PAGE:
Adaptation in bacterial CRISPR-Cas immunity can be driven by defective phages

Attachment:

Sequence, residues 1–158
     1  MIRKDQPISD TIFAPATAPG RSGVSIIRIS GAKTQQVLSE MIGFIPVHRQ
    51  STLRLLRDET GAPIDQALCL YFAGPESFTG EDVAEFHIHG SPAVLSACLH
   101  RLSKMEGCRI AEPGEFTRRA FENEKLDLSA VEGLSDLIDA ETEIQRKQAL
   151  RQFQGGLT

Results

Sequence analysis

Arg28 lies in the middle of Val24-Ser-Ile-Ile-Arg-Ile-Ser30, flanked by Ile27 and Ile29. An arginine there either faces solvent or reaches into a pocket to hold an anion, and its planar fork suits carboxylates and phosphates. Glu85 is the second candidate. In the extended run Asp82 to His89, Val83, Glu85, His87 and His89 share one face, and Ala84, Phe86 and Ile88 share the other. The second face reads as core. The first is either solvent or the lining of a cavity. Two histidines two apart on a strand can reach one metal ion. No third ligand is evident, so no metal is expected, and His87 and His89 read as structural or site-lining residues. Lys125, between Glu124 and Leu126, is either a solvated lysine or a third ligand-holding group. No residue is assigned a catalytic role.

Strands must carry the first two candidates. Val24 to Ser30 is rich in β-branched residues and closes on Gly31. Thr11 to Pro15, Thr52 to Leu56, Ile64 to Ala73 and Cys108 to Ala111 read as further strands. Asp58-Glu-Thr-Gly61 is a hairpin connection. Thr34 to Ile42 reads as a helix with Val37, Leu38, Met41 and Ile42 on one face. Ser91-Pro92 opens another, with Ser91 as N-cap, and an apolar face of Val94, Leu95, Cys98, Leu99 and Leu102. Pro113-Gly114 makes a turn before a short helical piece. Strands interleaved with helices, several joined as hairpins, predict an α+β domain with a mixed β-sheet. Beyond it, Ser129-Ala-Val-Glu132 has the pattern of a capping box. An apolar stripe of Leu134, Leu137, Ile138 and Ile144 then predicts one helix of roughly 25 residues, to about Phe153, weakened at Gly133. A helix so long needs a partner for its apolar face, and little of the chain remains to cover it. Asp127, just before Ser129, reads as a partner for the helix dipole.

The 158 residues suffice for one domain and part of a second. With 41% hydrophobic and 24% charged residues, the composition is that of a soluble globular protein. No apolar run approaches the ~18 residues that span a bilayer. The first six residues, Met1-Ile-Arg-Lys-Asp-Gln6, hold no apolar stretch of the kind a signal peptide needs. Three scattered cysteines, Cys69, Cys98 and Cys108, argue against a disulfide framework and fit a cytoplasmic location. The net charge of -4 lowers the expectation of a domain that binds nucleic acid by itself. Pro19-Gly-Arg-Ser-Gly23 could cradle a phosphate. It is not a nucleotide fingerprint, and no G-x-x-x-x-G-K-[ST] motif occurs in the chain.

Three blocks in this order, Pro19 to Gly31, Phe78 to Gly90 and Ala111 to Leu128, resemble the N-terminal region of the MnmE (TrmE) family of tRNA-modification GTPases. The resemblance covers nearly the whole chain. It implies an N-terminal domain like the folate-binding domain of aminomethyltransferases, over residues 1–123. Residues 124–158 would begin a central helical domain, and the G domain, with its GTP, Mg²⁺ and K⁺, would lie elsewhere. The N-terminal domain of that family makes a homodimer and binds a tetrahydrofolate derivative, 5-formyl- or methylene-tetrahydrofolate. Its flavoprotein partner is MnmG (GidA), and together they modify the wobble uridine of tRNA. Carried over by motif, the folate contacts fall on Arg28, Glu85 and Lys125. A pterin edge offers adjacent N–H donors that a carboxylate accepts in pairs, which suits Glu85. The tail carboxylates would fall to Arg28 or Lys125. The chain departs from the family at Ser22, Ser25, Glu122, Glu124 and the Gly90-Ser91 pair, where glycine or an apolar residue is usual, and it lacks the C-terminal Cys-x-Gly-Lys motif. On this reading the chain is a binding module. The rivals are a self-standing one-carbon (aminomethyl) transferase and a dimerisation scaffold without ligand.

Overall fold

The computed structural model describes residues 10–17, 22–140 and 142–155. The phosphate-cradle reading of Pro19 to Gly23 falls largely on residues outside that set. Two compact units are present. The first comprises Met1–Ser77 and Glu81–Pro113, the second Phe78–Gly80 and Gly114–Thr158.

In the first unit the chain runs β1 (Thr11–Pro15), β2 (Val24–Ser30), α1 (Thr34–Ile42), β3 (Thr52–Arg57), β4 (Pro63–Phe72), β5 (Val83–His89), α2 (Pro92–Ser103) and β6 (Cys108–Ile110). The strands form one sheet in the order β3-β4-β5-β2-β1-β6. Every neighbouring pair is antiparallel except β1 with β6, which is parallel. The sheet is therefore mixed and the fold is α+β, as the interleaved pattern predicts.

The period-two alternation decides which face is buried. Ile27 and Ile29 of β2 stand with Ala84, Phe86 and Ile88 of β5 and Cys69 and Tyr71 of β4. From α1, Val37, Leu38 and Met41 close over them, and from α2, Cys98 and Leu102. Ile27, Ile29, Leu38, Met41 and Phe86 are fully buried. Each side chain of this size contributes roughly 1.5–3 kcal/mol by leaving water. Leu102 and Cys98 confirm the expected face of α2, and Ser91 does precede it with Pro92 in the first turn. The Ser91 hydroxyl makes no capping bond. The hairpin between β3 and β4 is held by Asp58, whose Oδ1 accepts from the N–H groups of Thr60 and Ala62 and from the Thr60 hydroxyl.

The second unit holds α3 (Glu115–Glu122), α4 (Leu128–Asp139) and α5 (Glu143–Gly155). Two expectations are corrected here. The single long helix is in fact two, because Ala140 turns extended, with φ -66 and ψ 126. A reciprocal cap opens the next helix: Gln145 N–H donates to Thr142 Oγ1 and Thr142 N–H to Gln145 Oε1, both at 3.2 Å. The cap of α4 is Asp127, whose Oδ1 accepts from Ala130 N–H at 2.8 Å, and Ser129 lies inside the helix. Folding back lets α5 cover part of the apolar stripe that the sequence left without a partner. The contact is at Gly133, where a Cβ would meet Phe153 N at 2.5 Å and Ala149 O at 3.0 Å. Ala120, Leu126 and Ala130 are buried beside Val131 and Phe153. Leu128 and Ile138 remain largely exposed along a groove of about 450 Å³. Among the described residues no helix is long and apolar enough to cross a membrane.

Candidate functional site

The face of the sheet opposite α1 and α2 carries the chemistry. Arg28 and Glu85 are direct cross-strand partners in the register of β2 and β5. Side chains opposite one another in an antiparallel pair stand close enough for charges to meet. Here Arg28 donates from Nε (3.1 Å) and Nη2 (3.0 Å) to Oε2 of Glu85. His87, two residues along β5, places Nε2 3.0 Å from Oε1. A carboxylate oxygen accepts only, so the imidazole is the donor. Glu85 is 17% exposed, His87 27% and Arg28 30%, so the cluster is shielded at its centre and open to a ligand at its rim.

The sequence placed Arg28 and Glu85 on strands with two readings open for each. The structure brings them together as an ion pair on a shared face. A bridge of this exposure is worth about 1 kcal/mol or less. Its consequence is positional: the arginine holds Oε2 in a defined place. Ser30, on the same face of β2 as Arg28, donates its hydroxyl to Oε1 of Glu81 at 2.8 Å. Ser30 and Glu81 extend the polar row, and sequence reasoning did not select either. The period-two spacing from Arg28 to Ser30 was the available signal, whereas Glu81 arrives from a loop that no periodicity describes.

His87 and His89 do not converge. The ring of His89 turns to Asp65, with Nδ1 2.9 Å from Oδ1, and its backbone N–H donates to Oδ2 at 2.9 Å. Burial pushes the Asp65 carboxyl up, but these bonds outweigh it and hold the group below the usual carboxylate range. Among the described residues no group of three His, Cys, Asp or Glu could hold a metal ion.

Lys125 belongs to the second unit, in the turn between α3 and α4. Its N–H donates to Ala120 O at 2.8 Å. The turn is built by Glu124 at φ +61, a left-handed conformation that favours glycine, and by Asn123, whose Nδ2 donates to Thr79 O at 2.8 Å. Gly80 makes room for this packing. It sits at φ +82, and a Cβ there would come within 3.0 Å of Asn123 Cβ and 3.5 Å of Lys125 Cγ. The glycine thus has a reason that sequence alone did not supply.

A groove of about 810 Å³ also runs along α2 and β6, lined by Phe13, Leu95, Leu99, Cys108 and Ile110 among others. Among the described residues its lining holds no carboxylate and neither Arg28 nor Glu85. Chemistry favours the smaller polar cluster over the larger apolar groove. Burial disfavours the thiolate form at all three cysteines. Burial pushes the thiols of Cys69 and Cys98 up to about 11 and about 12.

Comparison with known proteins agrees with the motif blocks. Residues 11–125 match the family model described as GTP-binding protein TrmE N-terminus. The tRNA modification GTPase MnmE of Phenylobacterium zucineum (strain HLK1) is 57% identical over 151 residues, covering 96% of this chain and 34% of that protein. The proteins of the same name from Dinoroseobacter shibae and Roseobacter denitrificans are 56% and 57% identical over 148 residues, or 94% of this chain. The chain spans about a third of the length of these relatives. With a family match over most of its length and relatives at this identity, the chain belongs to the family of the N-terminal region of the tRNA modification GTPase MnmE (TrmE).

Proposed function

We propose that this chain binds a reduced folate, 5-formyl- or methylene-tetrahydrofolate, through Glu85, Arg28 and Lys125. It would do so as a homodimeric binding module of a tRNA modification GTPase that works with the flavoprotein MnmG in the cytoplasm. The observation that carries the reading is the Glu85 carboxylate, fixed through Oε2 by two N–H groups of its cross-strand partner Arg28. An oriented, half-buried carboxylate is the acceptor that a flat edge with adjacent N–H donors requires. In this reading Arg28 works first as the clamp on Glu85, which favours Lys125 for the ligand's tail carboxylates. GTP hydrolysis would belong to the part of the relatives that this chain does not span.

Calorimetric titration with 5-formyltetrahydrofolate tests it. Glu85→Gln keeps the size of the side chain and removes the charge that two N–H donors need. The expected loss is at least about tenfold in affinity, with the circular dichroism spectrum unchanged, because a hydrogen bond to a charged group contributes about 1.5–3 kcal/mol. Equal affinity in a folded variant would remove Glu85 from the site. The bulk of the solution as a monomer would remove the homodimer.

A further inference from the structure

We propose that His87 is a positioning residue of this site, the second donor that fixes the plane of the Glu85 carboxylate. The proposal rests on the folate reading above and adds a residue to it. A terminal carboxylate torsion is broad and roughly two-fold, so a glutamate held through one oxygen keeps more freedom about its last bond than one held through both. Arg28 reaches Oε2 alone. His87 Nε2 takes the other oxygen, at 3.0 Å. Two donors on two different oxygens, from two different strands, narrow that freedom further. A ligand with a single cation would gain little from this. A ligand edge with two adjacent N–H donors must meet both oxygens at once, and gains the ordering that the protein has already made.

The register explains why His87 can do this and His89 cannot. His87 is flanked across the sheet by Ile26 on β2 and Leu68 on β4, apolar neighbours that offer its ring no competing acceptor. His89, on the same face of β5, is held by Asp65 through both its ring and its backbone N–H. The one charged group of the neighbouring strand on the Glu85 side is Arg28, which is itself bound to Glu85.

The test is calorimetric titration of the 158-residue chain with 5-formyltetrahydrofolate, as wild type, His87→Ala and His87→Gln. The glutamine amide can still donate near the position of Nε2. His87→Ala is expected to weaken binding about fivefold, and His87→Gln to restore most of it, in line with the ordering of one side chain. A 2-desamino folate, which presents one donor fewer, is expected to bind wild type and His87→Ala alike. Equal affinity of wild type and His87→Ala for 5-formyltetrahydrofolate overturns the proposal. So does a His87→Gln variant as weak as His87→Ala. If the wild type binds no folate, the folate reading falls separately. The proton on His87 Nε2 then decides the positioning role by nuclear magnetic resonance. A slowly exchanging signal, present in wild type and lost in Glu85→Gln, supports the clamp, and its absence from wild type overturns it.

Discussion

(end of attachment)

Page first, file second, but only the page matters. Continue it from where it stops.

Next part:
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Clustered regularly interspaced short palindromic repeats (CRISPRs) and their associated cas genes serve as a prokaryotic 'adaptive' immune system, protecting against foreign DNA elements such as bacteriophages. CRISPR-Cas systems function by incorporating short DNA 'spacers', homologous to invading DNA sequences, into a CRISPR array (adaptation). The array is then transcribed and matured into RNA molecules (maturation) that target homologous DNA for cleavage (interference). It is unclear how these three stages could occur quickly enough in a naive phage-infected cell to interfere with phage replication before this cell would be irrevocably damaged by the infection. Here we demonstrate that cells can acquire spacers from defective phages at a rate directly proportional to the quantity of replication-deficient phages to which the cells are exposed. This process is reminiscent of immunization in humans by vaccination with inactivated viruses.
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